We at AntiquityNOW are always on the prowl for ancient and modern connections that prove the past is never really behind us. So it is the case with food and the many different cuisines that have stood the test of time.
It’s Hanukkah, the Festival of Lights, a holiday of remembrance and a symbol of Jewish identity, history, resistance and freedom. Celebrated around the world, the holiday also has its own cultural variations, especially in foods.
Today we’re bringing you once again a recipe for a traditional Sephardic Hanukkah food, sfenj. This yeast doughnut, often dipped in sugar or honey, originated with Sephardic Jews, particularly those who trace their roots back to Morocco. The “Moroccan doughnut” is often eaten for Hanukkah for a very special reason: Sfenj are fried in oil, which commemorates the Hanukkah miracle where the oil that was supposed to light the lamp in the Temple in Jerusalem for one day endured for eight.
Sfenj are a delectable way of celebrating the miracle of this Jewish holiday. Whatever our background or religion, doughnut lovers can learn more about sfenj and enjoy making this festive recipe here.
Today, we at AntiquityNOW commemorate that most wondrous of all human emotions: Love. On past Valentine’s Days, we have explored how love enters through the eyes and nose, how the brain on love is a power to behold (Robert Palmer does a cameo in this one) and even offered up an ancient Thai rose salad recipe to enjoy on this holiday. But being the curious afficionados of ancient history we are, we wondered, where did the heart-shaped symbol originate?
Ancient silver coin from Cyrene depicting a seed or fruit of silphium.
As where many ancient secrets begin, let’s look at nature. There are numerous plants with blossoms or leaves in the shape of the symbol we now see as a heart. But the one in history that is most relevant, had multitudinous uses in ancient times and is an eternal mystery to the science of propagation is silphium. Also known as silphion, laserwort, or laser, it was widely used by Egyptians, Knossos Minoans, Greeks and Romans as a seasoning, medicine and perfume. And in a cheeky irony by Mother Nature, it was also popular as an aphrodisiac and a reportedly effective contraceptive. It grew naturally around the North African city of Cyrene (founded as Greek city in 631 BCE at what is now Shahhat, Libya), and was such an important trade item that Cyrenian coins displayed its heart-shaped seed or fruit. It was documented as literally worth its weight in gold. From this description, it certainly appears to be a cure-all:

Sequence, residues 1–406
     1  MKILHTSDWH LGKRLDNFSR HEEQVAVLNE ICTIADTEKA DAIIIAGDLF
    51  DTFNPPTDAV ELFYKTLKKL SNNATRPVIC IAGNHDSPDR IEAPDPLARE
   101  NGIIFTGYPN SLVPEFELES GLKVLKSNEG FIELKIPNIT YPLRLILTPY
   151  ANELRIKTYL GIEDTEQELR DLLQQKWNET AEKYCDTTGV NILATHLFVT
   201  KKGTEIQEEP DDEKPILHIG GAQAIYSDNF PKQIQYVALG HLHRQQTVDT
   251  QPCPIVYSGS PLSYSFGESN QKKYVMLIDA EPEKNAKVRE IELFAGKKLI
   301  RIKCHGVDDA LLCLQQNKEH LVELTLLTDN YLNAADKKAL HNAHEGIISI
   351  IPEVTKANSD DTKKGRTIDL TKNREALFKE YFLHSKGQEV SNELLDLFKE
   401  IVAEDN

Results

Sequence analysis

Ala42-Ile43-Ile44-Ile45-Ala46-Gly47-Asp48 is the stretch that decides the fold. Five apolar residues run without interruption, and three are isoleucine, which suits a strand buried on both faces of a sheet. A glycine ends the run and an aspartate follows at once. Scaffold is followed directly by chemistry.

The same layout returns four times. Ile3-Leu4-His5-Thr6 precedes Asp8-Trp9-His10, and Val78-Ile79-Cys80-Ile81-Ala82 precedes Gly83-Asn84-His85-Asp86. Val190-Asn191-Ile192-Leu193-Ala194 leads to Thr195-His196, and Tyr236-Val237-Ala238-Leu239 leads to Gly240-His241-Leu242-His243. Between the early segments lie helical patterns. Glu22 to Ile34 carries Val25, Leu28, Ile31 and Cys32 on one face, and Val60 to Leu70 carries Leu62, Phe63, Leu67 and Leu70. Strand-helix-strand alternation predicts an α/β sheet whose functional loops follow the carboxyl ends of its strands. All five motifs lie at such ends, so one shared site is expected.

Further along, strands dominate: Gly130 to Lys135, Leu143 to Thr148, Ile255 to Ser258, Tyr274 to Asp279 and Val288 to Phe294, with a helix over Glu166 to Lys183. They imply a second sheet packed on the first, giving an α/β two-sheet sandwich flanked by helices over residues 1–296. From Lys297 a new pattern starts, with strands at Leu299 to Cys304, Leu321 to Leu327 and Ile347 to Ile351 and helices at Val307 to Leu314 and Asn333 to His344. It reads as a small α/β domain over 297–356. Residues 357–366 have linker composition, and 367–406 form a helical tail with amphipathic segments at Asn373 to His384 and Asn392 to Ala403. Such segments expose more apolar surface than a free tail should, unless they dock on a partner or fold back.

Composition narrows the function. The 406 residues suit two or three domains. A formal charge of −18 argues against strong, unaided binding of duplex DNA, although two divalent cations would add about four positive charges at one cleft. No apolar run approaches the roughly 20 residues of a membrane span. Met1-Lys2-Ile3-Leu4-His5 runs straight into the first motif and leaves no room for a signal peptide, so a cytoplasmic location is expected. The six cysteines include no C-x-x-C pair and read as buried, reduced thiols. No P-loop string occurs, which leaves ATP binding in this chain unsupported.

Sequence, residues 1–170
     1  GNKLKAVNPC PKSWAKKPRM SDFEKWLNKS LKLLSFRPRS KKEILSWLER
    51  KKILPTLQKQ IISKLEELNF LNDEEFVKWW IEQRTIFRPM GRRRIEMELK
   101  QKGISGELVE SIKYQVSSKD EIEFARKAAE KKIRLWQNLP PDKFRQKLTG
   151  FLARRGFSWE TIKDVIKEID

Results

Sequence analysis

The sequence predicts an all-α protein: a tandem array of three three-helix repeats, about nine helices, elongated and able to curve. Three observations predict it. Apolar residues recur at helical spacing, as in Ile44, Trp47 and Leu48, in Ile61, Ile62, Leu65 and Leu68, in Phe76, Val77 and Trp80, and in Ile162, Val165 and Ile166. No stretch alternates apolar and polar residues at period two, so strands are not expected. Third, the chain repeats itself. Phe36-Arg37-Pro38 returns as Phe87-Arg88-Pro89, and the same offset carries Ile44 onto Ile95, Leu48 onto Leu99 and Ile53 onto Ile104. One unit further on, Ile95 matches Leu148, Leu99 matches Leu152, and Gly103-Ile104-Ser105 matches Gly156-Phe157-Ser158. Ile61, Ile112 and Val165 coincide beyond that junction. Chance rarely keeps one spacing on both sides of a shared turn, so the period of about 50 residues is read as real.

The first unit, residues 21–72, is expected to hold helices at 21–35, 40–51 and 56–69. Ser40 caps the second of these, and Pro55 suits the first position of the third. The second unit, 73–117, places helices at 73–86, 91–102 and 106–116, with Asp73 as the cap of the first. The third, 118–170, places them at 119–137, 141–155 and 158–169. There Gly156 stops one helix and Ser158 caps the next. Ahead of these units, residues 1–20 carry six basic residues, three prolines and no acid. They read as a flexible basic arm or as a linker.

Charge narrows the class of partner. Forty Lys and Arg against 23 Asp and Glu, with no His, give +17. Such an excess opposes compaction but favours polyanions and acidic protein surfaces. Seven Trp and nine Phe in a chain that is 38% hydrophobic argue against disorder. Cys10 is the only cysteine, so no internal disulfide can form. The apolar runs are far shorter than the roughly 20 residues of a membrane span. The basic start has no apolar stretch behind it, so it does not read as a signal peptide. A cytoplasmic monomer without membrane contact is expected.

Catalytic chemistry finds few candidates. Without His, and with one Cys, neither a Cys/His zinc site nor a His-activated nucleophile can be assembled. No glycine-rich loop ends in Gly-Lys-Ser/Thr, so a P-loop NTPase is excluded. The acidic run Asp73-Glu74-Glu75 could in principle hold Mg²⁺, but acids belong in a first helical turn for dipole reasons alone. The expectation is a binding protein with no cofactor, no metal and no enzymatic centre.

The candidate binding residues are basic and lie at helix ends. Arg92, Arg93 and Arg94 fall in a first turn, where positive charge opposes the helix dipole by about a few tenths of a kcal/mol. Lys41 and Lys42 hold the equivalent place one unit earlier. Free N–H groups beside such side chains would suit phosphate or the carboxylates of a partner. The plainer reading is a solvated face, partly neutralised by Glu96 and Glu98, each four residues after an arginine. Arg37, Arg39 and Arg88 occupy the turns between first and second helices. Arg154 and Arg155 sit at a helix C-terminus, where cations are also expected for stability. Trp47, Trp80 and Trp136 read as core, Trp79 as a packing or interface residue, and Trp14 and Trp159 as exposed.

It was said to have short, thick leaves, tiny yellow flowers, and bulky, vigorous roots. The sap that oozed from the silphium plant was particularly aromatic and medicinal, at least by ancient standards. The wonder drug of its day, silphium was said to cure such maladies as tooth decay, warts, dog bites, stomach ailments, coughs, leprosy, and anal growths. But it was more valued for its use as a contraceptive…more specifically as an abortifacient. Ancient medical texts all repeat the claim that a pessary made of silphium sap was effective at “purging the uterus” to “bring forth menstruation”, all clever euphemisms for drug-induced abortions. In a society that placed a high value on legitimate heirs …, silphium’s (sic) became highly sought after as the first “morning-after” pill.